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Samsung Gear Sport review: running in circles

Samsung Gear Sport review: running in circles


Samsung’s latest smartwatch is good at the basics, but lacks excitement

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For the past few years, the Apple Watch has dominated the fledgling smartwatch world. But while Google’s Android Wear platform has gone through fits and starts, Samsung has built an extensive wearable lineup running on its own platform with the Gear watches.

The latest is the new Gear Sport, a $299.99 smartwatch that works with both iOS and Android smartphones. The Gear Sport blends some of the features of last year’s bulky Gear S3, such as an upgraded display and interface, with a slightly smaller design that’s more reminiscent of 2015’s Gear S2. It’s also the first Gear watch that’s capable of swim tracking, and can withstand up to 50 meters of submersion. That makes it very similar to the Apple Watch Series 2, which introduced swim tracking itself last year.

As a whole, though, the Gear Sport doesn’t move the needle forward as much as I’d have hoped. Though it has a very intuitive interface, complete with a rotating bezel for navigation, many parts of the experience are still half-baked, whether that’s the pathetically anemic selection of apps or the hopelessly useless S Voice digital assistant.

As its name implies, the Gear Sport’s design and appearance are more appropriate for the gym or pool than the boardroom or a fine restaurant. Though it is smaller than the Gear S3, it is still a sizable watch, and sits larger on my wrist than I personally prefer while looking rather ridiculous on small wrists. The Sport is noticeably larger and less comfortable to wear than the Gear S2. The watch’s body is made of stainless steel and the rotating bezel and two side buttons have nice action.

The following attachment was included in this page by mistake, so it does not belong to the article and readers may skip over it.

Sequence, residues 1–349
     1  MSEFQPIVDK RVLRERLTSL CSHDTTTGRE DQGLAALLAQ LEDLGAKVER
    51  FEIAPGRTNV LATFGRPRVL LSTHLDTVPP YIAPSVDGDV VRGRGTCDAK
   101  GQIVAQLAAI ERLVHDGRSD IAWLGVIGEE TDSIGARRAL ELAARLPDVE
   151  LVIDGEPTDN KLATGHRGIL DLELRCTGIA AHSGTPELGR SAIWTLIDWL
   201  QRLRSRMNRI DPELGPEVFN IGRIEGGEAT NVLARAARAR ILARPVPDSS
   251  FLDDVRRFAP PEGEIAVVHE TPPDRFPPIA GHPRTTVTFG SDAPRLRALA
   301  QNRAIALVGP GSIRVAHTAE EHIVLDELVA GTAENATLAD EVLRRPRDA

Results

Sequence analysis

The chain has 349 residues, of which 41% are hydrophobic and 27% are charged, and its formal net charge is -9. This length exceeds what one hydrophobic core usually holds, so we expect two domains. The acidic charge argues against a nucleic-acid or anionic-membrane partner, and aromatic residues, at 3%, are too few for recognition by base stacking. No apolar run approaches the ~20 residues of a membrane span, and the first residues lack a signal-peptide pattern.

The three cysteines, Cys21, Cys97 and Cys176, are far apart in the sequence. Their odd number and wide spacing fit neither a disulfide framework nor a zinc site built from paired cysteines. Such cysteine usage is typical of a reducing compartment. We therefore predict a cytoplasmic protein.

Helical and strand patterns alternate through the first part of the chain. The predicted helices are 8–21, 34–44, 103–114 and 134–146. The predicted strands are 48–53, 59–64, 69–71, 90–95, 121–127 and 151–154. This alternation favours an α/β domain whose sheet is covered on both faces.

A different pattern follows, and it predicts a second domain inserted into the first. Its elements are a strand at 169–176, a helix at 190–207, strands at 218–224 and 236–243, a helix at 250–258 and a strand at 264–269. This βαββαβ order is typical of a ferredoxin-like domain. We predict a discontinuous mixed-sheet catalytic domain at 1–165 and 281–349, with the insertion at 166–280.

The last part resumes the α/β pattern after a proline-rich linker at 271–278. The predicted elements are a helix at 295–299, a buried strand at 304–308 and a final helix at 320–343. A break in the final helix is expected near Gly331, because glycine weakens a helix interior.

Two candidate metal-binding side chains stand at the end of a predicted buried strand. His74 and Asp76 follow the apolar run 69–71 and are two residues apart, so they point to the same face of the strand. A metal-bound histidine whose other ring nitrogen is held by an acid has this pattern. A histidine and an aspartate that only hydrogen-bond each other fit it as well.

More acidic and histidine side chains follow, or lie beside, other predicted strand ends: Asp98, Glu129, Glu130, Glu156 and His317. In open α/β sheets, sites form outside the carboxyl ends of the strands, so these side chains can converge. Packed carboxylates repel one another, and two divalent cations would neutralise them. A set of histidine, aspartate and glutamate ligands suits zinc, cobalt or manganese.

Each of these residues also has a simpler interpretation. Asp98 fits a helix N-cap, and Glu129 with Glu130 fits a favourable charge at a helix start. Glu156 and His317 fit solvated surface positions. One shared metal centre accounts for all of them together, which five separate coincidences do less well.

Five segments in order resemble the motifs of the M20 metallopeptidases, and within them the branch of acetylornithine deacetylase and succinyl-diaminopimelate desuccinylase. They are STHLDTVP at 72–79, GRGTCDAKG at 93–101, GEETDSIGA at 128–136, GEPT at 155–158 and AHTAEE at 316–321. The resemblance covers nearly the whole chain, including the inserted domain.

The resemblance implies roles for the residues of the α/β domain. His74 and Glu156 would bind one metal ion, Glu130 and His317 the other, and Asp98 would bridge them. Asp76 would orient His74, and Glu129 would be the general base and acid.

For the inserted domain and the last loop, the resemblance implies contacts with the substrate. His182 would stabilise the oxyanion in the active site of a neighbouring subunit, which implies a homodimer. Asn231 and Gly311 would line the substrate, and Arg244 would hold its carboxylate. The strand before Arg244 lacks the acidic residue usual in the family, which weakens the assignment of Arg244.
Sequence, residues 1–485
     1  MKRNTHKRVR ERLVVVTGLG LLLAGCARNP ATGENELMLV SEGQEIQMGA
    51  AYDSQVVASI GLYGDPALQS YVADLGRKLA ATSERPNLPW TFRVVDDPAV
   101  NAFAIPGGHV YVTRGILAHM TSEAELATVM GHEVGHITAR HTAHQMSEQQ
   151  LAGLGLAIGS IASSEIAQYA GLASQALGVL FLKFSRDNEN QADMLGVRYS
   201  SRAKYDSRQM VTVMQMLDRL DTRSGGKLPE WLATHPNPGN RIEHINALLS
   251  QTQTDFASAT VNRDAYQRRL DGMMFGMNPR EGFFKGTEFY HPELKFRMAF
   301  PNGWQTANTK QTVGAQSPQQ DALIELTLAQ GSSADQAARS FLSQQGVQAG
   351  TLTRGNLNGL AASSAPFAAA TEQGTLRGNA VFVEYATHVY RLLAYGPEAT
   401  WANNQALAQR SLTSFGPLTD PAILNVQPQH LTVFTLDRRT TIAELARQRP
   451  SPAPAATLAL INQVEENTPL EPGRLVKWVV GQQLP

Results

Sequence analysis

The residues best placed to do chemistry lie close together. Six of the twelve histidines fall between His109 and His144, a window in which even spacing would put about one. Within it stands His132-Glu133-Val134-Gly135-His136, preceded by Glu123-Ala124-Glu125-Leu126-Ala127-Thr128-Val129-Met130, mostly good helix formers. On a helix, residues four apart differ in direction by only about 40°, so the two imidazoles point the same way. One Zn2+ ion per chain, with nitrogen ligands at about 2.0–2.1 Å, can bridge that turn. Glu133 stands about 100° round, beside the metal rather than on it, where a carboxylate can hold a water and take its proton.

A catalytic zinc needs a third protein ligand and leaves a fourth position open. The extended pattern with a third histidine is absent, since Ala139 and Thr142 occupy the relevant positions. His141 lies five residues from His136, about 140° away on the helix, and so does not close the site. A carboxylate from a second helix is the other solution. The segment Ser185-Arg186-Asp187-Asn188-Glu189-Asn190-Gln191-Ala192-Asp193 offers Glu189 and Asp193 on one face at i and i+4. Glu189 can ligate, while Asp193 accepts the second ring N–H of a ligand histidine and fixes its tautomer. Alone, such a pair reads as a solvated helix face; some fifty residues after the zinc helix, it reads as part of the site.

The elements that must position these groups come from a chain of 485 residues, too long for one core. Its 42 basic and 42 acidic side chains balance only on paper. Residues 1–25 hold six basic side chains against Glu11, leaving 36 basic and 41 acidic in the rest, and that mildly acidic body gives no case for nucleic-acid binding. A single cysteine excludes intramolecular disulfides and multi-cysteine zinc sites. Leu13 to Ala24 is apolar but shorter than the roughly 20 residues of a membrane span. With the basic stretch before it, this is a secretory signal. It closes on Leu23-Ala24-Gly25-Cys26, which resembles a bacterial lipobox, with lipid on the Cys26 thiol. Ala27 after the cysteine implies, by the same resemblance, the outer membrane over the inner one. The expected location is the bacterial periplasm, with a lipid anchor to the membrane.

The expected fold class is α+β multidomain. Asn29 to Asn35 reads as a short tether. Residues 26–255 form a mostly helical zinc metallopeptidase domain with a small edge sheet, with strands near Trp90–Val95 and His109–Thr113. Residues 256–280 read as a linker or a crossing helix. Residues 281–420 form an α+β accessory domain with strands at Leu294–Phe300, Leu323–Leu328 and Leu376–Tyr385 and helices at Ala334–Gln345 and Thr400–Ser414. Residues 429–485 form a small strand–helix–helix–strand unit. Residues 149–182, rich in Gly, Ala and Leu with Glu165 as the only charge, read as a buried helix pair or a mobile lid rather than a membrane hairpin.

The 1.2-inch, fully circular OLED touchscreen display is very good, with sharp resolution, vibrant colors, and easy visibility outdoors. It has a full-color always-on mode that I’m particularly fond of, which makes it easy to quickly glance at the watch to check the time.

On the underside of the watch is a heart rate sensor, making the Gear Sport capable of continuously monitoring your heart rate. But like any other wrist-worn heart rate monitor, the Sport isn’t going to be as accurate as a chest strap or other methods and should not be relied on for any clinical purposes.

The Gear Sport uses a standard 20mm watch strap with quick release pins, which makes it easy to swap out the strap on a whim. The included rubber strap is soft and comfortable on my skin, and it’s appropriate for the kinds of physical activity the Gear Sport was designed for.

Part of the reason the Gear Sport is slightly smaller than the Gear S3 is its lack of LTE connectivity. You can use the watch connected to your phone over Bluetooth or hook it up to a Wi-Fi network, but you lose all connectivity and many features if you leave home without your phone. The Gear Sport does have the ability to store music offline (there is 4GB of storage on the device), and you can even download Spotify playlists right to the watch for listening with Bluetooth headphones while running or working out. That’s one thing the Apple Watch, which currently only works with Apple Music, cannot do.